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Berlin’s European Film Market is going online-only for the second year in a row amid concerns over the rapid spread of the omicron variant of the coronavirus.
The Berlin Film Festival, however, is still hoping to hold an in-person event next month, from Feb. 10-20, should COVID regulations allow it.
COVID case numbers have been rising steadily in Germany, driven by omicron, though they have yet to spike dramatically as they have elsewhere in Europe. National disease control center the Robert Koch Institute on Friday recorded 56,000 new COVID-19 infections nationwide and a rising infection rate, with more than 300 active cases per 100,000 inhabitants. COVID-19 infection rates are at or near record levels in the U.K., France, Italy, Spain and the Netherlands, all of which have been designated “high-risk” areas by the Berlin government. Most of the world, in fact, has been put in the “high-risk” column, including the United States, Japan, Australia and South Korea. Travelers from those regions who are not vaccinated or can show they have recently recovered from a COVID-19 infection, have to spend 10 days in quarantine upon arrival in Germany, with a possible release after five days with a negative COVID test.
“I doubt any of the Americans are coming over [to Berlin],” one European sales exec told THR by email. “I am flying to LA tomorrow and it is hard enough to get anyone to meet me outdoors in LA let alone getting them to travel to Berlin!”
Without American or Asian buyers — most major Chinese, Japanese and Korean companies had already said they would be skipping Berlin this year — the 2022 EFM was looking, at best, to be a “very watered down” market similar to last year’s Cannes, which attracted mainly European buyers “but without any U.S. presence.”
The Berlin Film Festival told THR it was “closely monitoring the development of the pandemic” and that the “safety of our guests, public and our teams remains our first priority.” If infection rates keep rising, Berlin said it may need to adjust its hygienic measures —for example, by introducing capacity restrictions in festival cinemas — to allow an in-person festival to take place, safely, between Feb. 10-20.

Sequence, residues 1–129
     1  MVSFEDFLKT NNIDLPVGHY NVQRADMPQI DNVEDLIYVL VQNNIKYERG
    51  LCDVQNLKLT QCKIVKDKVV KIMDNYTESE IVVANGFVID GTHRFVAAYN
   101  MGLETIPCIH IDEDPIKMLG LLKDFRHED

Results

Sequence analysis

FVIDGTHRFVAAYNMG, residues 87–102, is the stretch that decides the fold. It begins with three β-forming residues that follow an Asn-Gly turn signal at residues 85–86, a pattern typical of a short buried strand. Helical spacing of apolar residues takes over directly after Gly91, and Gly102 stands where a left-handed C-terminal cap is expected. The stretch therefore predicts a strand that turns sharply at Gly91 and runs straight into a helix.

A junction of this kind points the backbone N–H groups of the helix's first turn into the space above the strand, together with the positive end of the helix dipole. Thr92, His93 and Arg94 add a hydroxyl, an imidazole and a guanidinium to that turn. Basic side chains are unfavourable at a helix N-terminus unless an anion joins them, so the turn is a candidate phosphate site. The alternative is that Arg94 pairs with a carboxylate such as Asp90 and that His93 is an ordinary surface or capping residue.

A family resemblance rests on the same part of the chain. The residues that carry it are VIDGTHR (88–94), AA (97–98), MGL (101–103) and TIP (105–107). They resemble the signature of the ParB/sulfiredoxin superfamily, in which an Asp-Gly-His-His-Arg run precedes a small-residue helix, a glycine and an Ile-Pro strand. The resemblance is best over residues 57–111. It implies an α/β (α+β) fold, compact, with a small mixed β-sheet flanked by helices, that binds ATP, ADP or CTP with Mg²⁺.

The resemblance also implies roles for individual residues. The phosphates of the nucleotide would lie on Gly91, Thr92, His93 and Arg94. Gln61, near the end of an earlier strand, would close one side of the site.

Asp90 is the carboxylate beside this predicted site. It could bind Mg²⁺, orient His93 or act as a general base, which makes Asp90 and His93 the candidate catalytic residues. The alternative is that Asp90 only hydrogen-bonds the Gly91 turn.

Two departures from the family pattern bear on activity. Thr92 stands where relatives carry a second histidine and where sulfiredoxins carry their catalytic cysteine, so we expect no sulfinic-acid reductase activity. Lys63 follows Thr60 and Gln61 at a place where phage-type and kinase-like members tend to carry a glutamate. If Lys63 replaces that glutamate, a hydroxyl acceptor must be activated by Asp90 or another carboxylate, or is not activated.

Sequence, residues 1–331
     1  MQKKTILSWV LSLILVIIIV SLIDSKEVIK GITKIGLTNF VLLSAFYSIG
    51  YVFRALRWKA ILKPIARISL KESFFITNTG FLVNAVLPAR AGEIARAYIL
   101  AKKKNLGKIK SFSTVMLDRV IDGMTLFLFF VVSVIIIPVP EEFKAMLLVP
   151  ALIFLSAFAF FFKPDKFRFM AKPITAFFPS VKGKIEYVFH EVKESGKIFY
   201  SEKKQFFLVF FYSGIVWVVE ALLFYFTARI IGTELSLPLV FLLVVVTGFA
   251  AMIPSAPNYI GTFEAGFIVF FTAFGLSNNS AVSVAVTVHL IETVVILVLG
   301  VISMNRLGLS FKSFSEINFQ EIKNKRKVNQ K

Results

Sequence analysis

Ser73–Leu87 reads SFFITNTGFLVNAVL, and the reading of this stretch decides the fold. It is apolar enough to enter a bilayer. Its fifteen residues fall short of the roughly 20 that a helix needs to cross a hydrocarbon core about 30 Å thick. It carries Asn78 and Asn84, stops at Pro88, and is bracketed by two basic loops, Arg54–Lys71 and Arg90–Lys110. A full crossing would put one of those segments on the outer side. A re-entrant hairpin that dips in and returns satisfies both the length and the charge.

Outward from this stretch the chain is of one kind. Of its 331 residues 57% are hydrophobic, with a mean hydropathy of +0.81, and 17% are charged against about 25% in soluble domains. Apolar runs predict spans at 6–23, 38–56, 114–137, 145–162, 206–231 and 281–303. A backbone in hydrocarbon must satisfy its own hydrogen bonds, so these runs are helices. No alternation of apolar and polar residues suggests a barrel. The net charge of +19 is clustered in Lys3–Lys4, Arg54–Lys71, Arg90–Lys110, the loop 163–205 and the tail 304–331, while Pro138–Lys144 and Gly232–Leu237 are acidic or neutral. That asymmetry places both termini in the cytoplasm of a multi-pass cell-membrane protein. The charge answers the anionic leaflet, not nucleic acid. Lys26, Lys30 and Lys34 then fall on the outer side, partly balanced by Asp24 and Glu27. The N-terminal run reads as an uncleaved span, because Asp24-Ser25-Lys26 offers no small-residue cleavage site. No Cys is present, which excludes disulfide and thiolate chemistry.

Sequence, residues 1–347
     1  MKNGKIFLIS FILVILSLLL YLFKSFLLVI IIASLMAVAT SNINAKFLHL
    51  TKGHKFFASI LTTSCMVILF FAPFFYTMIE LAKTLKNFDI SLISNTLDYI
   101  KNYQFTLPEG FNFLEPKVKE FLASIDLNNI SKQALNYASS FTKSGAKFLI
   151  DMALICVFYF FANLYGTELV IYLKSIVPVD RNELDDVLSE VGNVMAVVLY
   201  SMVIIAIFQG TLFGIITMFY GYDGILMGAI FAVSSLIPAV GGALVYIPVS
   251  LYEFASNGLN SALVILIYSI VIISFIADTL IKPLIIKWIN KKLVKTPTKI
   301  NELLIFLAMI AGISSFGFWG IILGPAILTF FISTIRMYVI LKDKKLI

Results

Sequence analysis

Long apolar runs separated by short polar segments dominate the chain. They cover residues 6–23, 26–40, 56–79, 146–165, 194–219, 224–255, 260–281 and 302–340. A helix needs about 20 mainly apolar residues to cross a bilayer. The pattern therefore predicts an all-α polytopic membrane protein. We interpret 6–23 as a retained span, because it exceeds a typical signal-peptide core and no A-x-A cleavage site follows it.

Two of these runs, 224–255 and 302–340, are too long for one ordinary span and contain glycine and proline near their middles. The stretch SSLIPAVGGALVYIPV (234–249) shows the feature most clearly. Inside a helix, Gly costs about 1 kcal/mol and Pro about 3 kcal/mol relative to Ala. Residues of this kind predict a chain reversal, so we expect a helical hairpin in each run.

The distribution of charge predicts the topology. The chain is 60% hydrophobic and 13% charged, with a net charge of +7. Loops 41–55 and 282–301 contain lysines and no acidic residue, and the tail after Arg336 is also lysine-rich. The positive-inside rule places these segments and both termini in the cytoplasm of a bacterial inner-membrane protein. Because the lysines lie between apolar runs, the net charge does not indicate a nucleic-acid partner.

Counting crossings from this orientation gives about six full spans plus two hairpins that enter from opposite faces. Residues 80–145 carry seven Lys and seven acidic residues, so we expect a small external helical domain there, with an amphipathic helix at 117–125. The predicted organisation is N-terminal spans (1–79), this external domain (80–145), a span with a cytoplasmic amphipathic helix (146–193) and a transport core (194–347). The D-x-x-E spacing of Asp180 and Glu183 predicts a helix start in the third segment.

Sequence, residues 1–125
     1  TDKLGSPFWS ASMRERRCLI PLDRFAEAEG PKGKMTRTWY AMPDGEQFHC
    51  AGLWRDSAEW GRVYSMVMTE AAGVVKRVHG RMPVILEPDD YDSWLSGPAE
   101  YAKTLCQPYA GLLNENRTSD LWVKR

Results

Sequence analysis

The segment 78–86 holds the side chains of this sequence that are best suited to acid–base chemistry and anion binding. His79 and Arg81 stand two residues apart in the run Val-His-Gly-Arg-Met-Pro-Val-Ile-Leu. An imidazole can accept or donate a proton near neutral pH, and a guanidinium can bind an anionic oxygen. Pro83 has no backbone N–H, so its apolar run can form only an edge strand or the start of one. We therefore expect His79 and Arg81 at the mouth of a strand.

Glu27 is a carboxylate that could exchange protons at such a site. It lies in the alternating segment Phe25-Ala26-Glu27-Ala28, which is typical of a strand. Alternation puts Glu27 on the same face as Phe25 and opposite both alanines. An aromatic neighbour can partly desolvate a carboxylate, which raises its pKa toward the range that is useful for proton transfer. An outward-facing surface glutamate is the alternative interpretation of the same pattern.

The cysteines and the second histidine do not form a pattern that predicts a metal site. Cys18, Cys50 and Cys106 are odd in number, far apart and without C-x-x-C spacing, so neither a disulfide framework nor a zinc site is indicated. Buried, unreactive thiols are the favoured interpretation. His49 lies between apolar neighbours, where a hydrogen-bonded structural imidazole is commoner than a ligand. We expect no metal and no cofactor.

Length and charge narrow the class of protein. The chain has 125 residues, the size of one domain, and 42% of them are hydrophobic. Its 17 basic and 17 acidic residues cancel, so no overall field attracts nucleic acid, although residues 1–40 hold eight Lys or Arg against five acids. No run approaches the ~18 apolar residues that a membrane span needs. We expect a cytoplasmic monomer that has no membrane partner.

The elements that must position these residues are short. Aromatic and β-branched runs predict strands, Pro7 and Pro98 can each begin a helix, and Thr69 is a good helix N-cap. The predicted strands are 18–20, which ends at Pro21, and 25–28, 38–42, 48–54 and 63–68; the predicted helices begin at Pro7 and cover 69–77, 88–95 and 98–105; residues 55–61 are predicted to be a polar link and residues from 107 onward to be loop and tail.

“The festival is in close consultation with the Berlin state senate and the [German culture ministry], who so far continue to support our planning for an in-person festival,” a spokesperson told THR, adding that Berlin has “to remain flexible and adapt to any changes” bought in by the state or federal governments.
On Friday, German Chancellor Olaf Scholz, together with the governors of Germany’s 16 states, announced further measures to stem the spread of omicron. The new regulations will shut down clubs and discos across the country but will not add new restrictions for cinemas, although existing rules, requiring visitors to show proof of vaccination or recent recovery from a COVID-19 infection, will remain in place.
Etan Vlessing and Alex Ritman contributed to this report.
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